Every photograph you take is a reflection of you

Every photograph you take is a reflection of you.

“You don’t make a photograph just with a camera. You bring to the act of photography all the pictures you have seen, the books you have read, the music you have heard, the people you have loved.” ― Ansel Adams

When somebody loves me
When somebody loves me

Let me take a moment to explain this image, it has a little back story. Like everyone else in the known world who likes toys, I enjoyed all three Toy Story movies. But the scene in Toy Story 3 where Jessie sings her song and we see her ‘playing’ with her owner in better times….well, lets just say that image is permanently imprinted on my brain. It was that image, that feeling, that I was thinking about when I created the above photograph.

When you’re taking photographs, slow down, think about what you’re doing, Delve deep into yourself and pull out a memory – it doesn’t matter if that memory is good or bad. Take a picture of that memory with your toys as your muse. Make photographs with intention. Make photographs that are a reflection of you and everything that has gone into making you, you.

If you’re going to go to all the trouble of making photography your passion, your main creative outlet, make that effort mean something. Resist the cheap thrills of insta likes and insta friends. Create work that is meaningful to you and a reflection of you.

I think all the people who have contributed to the blog over the years have that in common. Be it MIke’s robots, Kristina’s stormtroopers or Vesa’s snow scenes of Helsinki Hoth – they all have tremendous personal meaning. It’s that feeling, the personal connections revealed in their photographs, which in my opinion make them so compelling.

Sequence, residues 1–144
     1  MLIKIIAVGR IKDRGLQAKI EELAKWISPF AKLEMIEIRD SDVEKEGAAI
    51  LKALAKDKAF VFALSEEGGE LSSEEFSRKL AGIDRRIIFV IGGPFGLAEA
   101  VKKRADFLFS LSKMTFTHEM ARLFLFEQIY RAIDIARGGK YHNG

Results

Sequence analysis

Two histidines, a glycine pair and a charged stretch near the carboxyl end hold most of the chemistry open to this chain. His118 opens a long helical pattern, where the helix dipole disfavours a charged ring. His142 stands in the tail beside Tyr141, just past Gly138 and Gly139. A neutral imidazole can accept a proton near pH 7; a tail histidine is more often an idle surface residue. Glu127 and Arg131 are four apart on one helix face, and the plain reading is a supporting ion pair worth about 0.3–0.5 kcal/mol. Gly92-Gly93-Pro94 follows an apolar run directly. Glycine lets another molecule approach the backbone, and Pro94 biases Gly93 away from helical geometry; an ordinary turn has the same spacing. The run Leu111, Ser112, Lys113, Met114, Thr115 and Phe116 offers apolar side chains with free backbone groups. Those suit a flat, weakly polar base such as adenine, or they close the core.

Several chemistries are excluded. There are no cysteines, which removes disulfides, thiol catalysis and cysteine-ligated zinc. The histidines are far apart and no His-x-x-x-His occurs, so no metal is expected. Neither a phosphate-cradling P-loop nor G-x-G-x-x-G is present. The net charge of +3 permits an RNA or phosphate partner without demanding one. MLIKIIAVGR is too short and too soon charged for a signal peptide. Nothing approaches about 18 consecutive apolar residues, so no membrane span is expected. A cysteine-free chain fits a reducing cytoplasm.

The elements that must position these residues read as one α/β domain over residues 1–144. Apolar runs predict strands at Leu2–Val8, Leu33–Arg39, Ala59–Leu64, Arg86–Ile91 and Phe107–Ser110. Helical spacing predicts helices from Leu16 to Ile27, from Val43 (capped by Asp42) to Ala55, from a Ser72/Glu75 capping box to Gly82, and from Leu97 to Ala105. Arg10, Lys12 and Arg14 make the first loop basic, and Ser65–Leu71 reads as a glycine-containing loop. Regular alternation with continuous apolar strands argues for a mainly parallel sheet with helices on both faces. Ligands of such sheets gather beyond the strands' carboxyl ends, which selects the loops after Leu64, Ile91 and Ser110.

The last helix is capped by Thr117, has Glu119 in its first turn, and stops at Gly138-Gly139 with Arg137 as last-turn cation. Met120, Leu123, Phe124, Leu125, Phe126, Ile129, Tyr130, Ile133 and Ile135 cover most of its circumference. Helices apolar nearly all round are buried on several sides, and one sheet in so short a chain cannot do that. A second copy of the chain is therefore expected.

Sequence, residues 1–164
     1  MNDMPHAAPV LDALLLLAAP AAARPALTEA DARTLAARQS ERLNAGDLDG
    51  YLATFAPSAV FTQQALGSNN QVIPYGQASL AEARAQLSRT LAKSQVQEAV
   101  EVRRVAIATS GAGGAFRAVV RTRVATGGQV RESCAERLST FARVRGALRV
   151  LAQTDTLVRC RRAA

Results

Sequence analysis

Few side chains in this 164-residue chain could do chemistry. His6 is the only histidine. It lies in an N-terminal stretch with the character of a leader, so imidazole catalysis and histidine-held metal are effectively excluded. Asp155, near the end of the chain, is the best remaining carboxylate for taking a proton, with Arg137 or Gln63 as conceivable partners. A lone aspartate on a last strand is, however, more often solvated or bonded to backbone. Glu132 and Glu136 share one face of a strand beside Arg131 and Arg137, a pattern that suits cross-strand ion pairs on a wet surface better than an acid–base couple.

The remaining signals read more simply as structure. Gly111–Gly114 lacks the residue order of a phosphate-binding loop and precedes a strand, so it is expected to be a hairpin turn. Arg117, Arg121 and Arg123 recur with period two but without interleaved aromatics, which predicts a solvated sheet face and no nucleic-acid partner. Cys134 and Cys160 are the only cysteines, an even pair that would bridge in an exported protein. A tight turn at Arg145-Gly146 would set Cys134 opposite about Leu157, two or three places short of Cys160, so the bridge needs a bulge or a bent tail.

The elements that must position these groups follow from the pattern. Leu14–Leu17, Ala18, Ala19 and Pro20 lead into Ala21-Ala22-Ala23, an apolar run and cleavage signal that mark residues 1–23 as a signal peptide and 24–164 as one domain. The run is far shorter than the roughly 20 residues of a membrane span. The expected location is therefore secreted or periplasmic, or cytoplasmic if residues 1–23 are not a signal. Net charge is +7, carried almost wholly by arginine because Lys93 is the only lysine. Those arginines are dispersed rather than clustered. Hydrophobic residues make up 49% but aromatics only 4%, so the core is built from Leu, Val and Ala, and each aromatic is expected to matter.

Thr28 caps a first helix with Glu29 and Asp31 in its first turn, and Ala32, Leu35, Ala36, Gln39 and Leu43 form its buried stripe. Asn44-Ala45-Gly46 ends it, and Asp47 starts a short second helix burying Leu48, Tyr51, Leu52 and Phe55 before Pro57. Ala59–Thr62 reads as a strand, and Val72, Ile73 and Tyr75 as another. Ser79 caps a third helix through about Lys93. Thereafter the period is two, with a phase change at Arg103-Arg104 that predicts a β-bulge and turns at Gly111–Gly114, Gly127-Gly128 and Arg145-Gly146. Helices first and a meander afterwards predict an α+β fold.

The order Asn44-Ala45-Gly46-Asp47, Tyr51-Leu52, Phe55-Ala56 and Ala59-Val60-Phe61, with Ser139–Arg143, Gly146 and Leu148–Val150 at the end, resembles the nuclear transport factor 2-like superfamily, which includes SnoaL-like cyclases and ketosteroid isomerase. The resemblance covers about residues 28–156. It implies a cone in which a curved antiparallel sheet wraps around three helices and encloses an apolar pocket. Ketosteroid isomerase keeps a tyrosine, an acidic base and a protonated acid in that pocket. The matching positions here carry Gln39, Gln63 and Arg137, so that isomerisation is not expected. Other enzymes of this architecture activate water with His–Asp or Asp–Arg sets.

I think that guy, Ansel Adams, might have known a thing or two about taking photographs.

~ Shelly

Have you taken a photograph that is a reflection of you? If so, what does it look like? 

0 Comments

  1. movlewks

    This blog is what I need.
    Great posts are present about this wonderful toyphotography world.
    I really enjoyed reading your post and I think that this will be a great idea to put on my works.
    You are a big point of inspiration.

    P.S: Wonderful photo. 😉

    • Thank you and welcome to the blog! If you liked this post, you must take some time and read back. We have two years worth of awesome blog posts…all dealing with the amazing world of toy photography!

  2. Just for the sake of the rabbit hole, considering your thoughts above, are you “making” a photograph or simply “capturing” a moment (even if that moment is in the past)?

    I often think about how the night sky is not actually viewable to us. Even the moon, the closest thing to Earth, is so far away that when we look at it we are seeing it as it appeared one second in the past. That’s how long it takes the light from the moon to reach Earth. One second. People one Earth have never seen the moon in real time (except for the people that have been there). We have never seen anything in space in real time. Everything is a photograph. We are only viewing the light created by objects as they appear in the past.